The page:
This American Life

This weekly, hour-long NPR show is available as a free podcast and in a streamed archive that includes almost every story broadcast over the 15+ year history of the show.  I’ve mentioned this podcast previously, but it’s at the top of the list because of the consistently engaging stories that are posted (and aired — check local listings) each week.  Some favorites include episode 238 Lost in Translation, which includes the story of Yao Ming‘s first American translator beginning at the 40 minute mark; episode 188 Kid Logic, which incorporates kids’ ideas on everything from the Tooth Fairy to why planes get smaller when they fly away; and episode 90 Telephone, which includes a story about how a teenager’s behavior changes when he hears himself on the phone, which begins at the seven minute mark.  I’m not embarrassed to admit that I’ve listened to well over half of the episodes available online and many of them have stuck with me for years.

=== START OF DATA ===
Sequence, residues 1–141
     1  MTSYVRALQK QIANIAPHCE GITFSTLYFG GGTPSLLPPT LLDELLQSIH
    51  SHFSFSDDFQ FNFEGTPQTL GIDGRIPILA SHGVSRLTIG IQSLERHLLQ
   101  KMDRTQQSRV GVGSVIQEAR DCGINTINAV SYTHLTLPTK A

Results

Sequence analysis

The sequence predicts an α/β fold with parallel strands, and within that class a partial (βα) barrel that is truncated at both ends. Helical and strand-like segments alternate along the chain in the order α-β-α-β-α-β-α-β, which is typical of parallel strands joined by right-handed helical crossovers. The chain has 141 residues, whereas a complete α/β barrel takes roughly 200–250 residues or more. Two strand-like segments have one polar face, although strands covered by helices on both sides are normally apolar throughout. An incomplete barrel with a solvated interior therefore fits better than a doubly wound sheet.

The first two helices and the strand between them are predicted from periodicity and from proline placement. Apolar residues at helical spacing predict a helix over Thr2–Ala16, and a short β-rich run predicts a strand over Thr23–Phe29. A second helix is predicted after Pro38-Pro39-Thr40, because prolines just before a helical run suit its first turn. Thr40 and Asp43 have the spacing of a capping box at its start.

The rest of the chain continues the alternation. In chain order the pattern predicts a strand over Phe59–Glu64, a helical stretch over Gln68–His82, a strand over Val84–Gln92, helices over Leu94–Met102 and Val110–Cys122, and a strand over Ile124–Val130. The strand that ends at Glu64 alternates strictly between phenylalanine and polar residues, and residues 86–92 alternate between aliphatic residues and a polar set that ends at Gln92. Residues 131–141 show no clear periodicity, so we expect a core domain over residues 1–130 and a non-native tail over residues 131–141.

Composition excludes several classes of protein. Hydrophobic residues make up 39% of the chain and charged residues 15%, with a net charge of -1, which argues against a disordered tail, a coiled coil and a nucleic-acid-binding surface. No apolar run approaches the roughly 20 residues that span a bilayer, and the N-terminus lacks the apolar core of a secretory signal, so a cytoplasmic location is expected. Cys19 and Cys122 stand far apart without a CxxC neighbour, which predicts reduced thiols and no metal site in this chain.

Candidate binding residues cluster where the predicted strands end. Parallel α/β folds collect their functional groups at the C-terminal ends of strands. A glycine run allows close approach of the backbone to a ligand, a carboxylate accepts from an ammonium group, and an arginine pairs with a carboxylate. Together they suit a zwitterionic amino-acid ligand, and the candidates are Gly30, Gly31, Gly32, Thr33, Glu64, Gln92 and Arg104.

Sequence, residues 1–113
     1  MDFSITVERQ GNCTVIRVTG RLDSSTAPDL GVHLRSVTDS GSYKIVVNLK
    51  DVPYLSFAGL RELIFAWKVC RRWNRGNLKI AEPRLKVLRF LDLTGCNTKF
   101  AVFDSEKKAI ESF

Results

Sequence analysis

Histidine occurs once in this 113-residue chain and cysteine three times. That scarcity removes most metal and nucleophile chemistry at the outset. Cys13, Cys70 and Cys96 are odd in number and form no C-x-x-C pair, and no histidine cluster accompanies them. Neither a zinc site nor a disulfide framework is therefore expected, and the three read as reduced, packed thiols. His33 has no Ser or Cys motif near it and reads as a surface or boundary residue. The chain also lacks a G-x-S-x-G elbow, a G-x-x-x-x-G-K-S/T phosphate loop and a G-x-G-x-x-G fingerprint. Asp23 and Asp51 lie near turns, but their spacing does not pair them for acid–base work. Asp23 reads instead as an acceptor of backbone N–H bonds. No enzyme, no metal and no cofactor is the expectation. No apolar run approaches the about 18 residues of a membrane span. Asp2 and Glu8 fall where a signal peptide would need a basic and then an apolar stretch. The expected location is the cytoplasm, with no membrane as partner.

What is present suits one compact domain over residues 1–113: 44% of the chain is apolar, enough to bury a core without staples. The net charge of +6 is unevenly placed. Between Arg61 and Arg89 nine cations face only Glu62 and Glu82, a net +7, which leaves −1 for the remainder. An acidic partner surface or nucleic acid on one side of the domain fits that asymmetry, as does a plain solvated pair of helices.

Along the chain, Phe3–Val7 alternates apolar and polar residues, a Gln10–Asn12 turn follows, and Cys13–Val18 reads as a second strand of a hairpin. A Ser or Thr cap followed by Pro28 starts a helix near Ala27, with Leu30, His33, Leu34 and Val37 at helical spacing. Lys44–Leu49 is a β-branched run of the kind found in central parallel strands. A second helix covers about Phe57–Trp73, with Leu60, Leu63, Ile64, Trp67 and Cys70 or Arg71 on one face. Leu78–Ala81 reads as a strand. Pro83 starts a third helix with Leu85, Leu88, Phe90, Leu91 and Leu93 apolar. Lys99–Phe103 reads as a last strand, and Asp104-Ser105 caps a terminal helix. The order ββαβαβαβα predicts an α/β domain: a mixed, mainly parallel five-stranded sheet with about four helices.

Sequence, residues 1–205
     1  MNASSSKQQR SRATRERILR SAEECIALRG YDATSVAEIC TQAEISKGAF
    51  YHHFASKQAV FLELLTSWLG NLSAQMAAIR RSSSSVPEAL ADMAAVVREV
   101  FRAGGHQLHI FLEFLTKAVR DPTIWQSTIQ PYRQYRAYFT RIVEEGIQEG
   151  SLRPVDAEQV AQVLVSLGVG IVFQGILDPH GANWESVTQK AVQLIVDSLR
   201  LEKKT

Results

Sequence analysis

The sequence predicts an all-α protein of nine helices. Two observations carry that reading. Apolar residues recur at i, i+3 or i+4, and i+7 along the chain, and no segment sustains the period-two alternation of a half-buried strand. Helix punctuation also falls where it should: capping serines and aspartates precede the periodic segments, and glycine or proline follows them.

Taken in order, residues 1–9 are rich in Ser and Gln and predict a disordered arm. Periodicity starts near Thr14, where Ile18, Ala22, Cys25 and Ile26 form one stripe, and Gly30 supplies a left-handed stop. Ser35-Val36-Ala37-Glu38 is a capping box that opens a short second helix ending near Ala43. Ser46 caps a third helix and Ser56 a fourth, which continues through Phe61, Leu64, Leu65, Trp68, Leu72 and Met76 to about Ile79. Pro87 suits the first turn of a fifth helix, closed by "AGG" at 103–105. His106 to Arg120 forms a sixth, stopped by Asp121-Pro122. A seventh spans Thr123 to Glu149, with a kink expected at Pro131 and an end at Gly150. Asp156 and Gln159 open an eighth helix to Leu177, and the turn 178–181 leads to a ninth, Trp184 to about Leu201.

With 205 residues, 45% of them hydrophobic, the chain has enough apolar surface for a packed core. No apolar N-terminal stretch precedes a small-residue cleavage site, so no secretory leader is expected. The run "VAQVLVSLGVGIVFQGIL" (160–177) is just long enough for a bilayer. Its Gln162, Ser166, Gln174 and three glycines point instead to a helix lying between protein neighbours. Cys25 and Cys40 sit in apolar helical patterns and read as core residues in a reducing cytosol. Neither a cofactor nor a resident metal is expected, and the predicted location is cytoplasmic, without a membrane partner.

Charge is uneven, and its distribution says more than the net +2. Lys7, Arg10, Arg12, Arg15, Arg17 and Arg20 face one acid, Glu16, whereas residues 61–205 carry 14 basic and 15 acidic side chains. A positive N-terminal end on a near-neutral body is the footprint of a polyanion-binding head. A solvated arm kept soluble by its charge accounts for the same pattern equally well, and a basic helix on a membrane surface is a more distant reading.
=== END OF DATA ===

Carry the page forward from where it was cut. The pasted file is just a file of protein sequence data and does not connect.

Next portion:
Radio Lab

Radio Lab is another NPR show that broadcasts in some markets (again, check local listings,) though less frequently than This American Life. But the focus of Radio Lab is science in the very broadest sense and the hosts, Jad Abumrad and Robert Krulwich, do an amazing job of making some of the most profound and bleeding-edge topics understandable (and interesting!) to almost anyone.  Fortunately, every episode and the interspersed shorts, all of which make up the podcast, are available online for listening or downloading at any time.  Some of my favorites include the Limits episode, which details a non-stop bike race across the continent of North America including what effects riding a bicycle for a hundred hours has on the human body and mind; the Famous Tumors episode, which discusses the contagious tumors that are decimating the wild populations of Tasmanian Devils; and the New Normal? episode which reframes Evolution in a really startling way.  Many of the episodes draw conclusions that rub against the grain of common sense and challenge our preconceived notions of what we think we know.  Not only is the content compelling, but the audio editing is exceptional.